City of Sydney parking rangers are calling on the council to scrap a controversial “quota system” which they claim requires them to hand out a certain number of fines per shift or miss out on yearly pay rises.
City of Sydney parking rangers are calling on the council to scrap a controversial "quota system" which they claim requires them to hand out a certain number of fines per shift or miss out on yearly pay rises.
Rangers have told nine.com.au they are being pushed to "breaking point" to try and meet the required number of fines even if there are no or few cars parked illegally on their "beats".
Under the council's policy, rangers who fail to meet an average of 17 to 21 tickets per shift over 12 months are subjected to performance management reviews.
The council does not dispute that this is its policy but denies it constitutes a "quota" system. It also denies this is a revenue-raising policy.
"Rangers who consistently fall below the unit average are supported to meet the expectations of their role, so they may continue to deliver the services the community expects," a council spokesperson said.
The United Services Union lodged an industrial dispute in the NSW Industrial Relations Commission on behalf of the disgruntled rangers in February and the two parties have been ordered to conduct external discussions.
But rangers have accused the council of stalling on the negotiations in a bid to protect its revenue from parking fines.
According to state revenue figures, City of Sydney rangers handed out $35m in parking fines in the 12 months to April this year.
But the council's parking fine revenue plunged dramatically in April after it took a large proportion of its rangers off the beat due to COVID-19.
The council usually hands out about $3m in parking fines per month, but its revenue for this April was just under $400,000.
How the "quota system" works
Each month, the number of fines a ranger hands out per shift is compared to the average of all 150 City of Sydney rangers.
It is one of the key performance indicators in ranger work plans that were introduced in 2016. If rangers fall 25 percent below the average they are placed on a performance improvement plan.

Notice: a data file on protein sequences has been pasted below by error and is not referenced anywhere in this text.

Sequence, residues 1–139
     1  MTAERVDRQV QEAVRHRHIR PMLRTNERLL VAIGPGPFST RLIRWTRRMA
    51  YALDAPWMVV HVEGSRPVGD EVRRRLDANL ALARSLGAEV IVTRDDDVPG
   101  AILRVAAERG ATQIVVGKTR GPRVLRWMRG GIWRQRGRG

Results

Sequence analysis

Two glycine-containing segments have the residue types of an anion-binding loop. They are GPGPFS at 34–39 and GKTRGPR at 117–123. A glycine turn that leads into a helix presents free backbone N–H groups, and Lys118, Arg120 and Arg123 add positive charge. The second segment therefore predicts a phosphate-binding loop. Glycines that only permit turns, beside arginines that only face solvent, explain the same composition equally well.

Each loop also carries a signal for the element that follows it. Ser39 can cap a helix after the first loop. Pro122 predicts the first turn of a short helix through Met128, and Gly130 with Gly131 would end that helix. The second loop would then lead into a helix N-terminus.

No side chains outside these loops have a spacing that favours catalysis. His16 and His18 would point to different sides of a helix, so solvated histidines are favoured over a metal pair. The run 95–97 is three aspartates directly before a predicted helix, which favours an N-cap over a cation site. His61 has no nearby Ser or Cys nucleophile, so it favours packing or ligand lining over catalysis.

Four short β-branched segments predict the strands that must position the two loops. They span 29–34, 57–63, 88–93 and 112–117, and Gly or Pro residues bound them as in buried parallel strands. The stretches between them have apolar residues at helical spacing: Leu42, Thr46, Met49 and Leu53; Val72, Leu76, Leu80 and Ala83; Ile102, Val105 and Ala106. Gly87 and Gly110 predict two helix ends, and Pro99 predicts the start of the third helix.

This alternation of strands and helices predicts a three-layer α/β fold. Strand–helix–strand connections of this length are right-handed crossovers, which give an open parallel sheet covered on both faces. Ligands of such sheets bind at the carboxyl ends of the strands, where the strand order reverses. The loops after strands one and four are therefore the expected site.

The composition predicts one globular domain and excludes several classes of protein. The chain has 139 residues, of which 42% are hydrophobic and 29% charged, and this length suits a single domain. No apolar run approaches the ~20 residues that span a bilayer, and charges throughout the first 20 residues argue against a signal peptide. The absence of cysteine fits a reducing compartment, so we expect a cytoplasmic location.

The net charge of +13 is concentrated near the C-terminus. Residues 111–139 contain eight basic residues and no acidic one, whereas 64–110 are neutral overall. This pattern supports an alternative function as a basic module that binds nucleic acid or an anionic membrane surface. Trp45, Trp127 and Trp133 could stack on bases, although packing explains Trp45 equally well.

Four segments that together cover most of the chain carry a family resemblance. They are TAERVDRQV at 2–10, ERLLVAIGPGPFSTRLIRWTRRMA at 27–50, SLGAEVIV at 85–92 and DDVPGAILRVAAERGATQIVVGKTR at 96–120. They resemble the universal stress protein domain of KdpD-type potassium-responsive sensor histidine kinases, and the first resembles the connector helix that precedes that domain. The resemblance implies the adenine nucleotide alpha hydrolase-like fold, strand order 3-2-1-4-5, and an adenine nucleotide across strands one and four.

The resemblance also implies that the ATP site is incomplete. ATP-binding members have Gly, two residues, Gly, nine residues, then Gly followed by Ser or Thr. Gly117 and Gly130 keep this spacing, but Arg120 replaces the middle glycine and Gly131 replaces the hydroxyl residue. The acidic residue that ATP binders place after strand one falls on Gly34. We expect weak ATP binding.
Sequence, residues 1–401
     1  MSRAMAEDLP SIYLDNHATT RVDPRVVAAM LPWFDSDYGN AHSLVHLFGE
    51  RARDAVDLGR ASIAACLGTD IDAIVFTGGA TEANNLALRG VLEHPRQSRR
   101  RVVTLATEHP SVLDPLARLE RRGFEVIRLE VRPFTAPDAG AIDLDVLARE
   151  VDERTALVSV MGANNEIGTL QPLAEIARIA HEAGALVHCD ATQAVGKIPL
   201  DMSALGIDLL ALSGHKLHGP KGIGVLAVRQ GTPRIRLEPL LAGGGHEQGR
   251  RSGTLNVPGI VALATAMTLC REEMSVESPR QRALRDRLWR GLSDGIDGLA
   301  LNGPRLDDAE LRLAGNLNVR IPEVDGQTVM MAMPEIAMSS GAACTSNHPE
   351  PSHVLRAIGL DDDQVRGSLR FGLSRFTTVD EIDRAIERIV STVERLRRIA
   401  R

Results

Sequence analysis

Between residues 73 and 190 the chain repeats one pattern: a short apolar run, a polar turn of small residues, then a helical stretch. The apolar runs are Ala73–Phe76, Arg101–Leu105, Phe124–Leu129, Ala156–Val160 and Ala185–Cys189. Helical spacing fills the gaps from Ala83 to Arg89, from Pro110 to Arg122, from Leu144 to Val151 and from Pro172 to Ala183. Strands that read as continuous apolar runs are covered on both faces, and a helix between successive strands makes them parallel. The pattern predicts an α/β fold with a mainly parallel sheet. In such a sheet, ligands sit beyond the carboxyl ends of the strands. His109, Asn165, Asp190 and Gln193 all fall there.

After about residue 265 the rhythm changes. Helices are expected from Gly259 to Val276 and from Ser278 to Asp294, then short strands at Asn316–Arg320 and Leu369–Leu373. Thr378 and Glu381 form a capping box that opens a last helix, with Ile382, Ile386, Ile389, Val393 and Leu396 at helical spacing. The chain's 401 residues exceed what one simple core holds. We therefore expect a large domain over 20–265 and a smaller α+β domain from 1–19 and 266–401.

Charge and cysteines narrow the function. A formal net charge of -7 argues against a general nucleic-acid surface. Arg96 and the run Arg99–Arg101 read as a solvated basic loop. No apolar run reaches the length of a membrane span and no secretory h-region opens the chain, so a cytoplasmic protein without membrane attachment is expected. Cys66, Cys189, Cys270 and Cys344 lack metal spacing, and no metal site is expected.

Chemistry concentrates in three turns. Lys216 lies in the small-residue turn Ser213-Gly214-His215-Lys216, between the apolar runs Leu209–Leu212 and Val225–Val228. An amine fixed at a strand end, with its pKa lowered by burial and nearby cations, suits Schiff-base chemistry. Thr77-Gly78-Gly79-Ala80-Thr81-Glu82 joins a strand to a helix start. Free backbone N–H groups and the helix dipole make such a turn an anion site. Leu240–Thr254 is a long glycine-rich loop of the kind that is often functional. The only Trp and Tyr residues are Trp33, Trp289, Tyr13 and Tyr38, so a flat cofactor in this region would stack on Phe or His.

Rangers can also be put under review for having regular periods of "unexplained downtime" where too much time elapses between the issuing of fines.
Those under review miss out on a yearly salary increase.
Rangers say the system encourages fines to be dished out, rather than warnings, and also unfairly penalises rangers who are assigned to quiet beats.
Beats near construction sites, offices, universities and shops usually produced the most fines, while residential areas often provided slim pickings, one ranger told nine.com.au.
"In some beats, a ranger can walk their beat over and over and still not find a non-complying vehicle due to vehicles displaying residential permits," he said.
"The quota system is driving rangers to a breaking point."
Meanwhile, the discussions between the union and council ordered by the commission are not due to start for months.
In a letter to its members last month, seen by nine.com.au, the union said the council had originally proposed to meet in 2021, but it believed the meeting should be held far sooner.
A council spokesperson disputed the union's claim and says it was always willing to meet in the second half of this year.
The spokesperson said the council last week offered to meet the union in September.
Nine.com.au understands the union has instructed its lawyers to write to council demanding an undertaking that the "quotas" not be used as part of this year's annual performance reviews for rangers in November.
Not happy with the pace of the negotiations, rangers have accused the council of stalling.
"The rangers stand united and firm the quota system should be scrapped straight away," one ranger told nine.com.au.
"The alternative proposal put forward by council to meet and discuss in September is too long a wait and a delay tactic by council," one ranger said.
"Its revenue has been hit hard by COVID-19 pandemic in the first half of 2020. The remaining half of the year is going to be about financial recovery.
"In the interim, council is focussed on using the quota system as a whip on rangers to get the revenue outcome that is desired."
The council denied the claim, saying "This is a not a revenue-raising quota."
"City rangers deliver vital services to residents and visitors. The work plans reflect the various duties they perform in their daily work," the spokesperson said.
Contact reporter Emily McPherson at firstname.lastname@example.org.
Source: 9News https://www.9news.com.au/national/sydney-fines-parking-rangers-say-quotas-pushing-them-breaking-point-union-lodges-dispute/55bf1174-dddd-4704-8bdb-1540efb89666